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Education Briefs | Ambrose gains national recognition with PBS Kids

SHOWLOW, Ariz.

Celena Ambrose

Celena Ambrose, a graduate of Northland Pioneer College and current early childhood educator with Holbrook’s Head Start, was recently named as one of only 11 PBS Kids Early Learning Champions nationwide.

The award, established in 2018, recognizes and celebrates passionate educators who work with the youngest students, from infants to second graders.

Ambrose said, “It is still pretty mind-blowing to me! It feels very surreal!”

She said she was pleased to meet her peers among the select group of champions, reporting that, “They are all doing amazing things!”

In 2020, Ambrose completed an associate in early childhood development.

This past December, Ambrose was elected to Arizona’s Early Childhood Alliance, an advocacy and awareness group that fosters positive change in the field of early childhood education.

As a PBS KIDS Early Learning Champion, she will learn professionally and network to benefit the youngest students in her rural area.

Ambrose is focused on becoming an accomplished teacher and plans to broaden her education this spring by beginning a bachelor’s degree program in early childhood studies.

According to PBS, this year’s honorees were chosen for their passion and devotion to early education, as well as their desire to foster relationships with their students and local PBS stations.

Kristine Nishimura, PBS Kids’ regional outreach coordinator for education and community impact in southern Arizona, notes Ambrose was selected for, “her intense ability to network and give the youngest children the possibilities and opportunities to learn through a variety of resources on a state and, now, on a nationwide level.”

It is safe to say the tiny students at Holbrook Head Start are in excellent hands.

Winslow teen awarded for safe-driving habits

Braxton Billy was recognized as a UPS Road Code Ambassador.

FLAGSTAFF – Braxton Billy from the Boys & Girls Club of Flagstaff and Winslow Residential Hall was recognized as the local ambassador of the UPS Road Code program, sponsored by Boys & Girls Clubs of America and The UPS Foundation.

Billy, a UPS Road Code graduate, was selected for outstanding safe-driving habits and his desire to advocate for local teens to participate in safe-driving and to be safer passengers.

The UPS Road Code Ambassador Program is available at 235 club sites around the country and on U.S. military installations overseas to teens, ages 13 to 18, who have completed the UPS Road Code program and plan to advocate for safe-driving knowledge.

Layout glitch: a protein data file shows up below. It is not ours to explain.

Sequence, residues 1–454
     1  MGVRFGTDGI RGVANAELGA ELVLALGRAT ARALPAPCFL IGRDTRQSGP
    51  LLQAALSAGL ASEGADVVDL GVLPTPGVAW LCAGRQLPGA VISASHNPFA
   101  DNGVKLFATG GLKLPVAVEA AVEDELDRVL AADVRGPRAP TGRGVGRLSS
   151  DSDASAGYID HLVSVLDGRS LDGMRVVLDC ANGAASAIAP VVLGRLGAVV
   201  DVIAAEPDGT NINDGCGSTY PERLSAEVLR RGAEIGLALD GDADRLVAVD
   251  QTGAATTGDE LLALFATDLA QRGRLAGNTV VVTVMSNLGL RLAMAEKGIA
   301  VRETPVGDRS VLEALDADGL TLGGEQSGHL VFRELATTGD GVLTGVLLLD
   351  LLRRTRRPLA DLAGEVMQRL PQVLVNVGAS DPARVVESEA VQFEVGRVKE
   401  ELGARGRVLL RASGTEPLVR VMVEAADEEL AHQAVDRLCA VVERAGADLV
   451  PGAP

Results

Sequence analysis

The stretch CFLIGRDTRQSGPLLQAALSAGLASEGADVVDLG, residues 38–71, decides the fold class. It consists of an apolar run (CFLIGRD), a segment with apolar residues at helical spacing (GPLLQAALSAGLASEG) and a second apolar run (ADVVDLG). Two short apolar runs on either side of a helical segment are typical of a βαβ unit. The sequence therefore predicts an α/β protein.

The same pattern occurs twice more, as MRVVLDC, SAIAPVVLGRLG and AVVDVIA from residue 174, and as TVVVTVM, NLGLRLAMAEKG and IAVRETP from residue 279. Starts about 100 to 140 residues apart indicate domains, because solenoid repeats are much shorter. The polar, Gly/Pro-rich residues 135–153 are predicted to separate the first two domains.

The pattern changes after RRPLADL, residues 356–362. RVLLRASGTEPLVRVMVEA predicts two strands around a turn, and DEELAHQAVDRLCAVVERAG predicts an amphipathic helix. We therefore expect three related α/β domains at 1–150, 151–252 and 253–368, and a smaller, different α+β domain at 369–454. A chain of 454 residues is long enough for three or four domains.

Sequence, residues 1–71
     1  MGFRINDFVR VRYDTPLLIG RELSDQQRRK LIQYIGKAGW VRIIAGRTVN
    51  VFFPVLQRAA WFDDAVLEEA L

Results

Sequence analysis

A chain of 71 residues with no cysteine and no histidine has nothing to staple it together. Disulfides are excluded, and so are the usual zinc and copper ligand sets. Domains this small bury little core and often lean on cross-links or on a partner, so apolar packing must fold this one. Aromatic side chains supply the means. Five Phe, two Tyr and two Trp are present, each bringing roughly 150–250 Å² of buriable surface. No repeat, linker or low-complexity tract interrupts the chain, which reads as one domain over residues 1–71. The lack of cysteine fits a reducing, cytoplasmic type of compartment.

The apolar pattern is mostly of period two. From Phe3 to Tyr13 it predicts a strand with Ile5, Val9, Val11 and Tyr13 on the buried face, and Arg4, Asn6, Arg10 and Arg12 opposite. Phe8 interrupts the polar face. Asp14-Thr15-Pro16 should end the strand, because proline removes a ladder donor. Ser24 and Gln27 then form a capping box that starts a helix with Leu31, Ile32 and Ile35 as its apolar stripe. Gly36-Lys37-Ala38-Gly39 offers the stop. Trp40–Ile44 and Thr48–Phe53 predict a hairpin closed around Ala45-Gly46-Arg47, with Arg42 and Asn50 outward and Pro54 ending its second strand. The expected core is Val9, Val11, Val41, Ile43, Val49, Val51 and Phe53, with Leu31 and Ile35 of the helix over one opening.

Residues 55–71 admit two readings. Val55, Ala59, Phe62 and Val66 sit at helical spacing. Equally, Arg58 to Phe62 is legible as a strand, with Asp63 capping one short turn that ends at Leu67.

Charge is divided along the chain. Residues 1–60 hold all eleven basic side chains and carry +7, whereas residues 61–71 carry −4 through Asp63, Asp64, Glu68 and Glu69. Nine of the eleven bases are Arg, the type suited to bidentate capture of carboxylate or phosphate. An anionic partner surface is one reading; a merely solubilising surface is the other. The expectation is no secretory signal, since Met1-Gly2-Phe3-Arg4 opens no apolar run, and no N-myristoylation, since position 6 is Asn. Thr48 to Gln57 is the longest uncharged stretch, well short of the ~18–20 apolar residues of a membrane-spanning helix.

Approximately 150 UPS employees serve as trained volunteer instructors and, by the end of 2021, the program will have reached more than 60,000 teens globally since its launch in 2009.

Lauren Kaibetoney, director of Club Operations, Boys & Girls Club of Flagstaff, said, “Thanks to organizations like The UPS Foundation, Braxton has an opportunity to develop not only safe-driving knowledge, but also advocacy skills which will help him to be a greater leader.”

Billy is a senior at Winslow High. He has been a Boys & Girls Club member for three years and was accepted to attend the Universal Technical Institute in Phoenix in the fall of 2022.
He plans to pursue an automotive technician certificate and plans to be a car mechanic.

Blanding talent search program receives 5-year grant

BLANDING, Utah – Thanks to a five-year extended federal grant, the TRIO program at Utah State University-Blanding will continue to identify individuals and help them get the tools and support to succeed in middle and high school and to enroll in college.

The TRIO Talent Search program is a federally funded program that helps individuals from disadvantaged backgrounds who have the potential to succeed in higher education.

The program, sponsored by the U.S. Department of Education, provides academic, career, and financial counseling for participants.

Jami Bayles, USU-Blanding TRIO director, said, “This program recognizes that students whose parents do not have a college degree have more difficulties navigating the complexity of decisions that college requires for success.”

Bayles and her team work with local high school and middle schools across eight schools and three districts. This includes seven schools in Utah and one in Arizona.

In total, the funds for the 2021-22 school year will serve 825 students in 6th through12th grade.

“I am living proof that TRIO truly does work,” Bayles said. “Not only did this program help me prepare for college, but it gave me the skills to help my younger sister succeed as well.”

According to the U.S. Department of Education, 80% of TRIO participants enroll in postsecondary institutions immediately following high school graduation.


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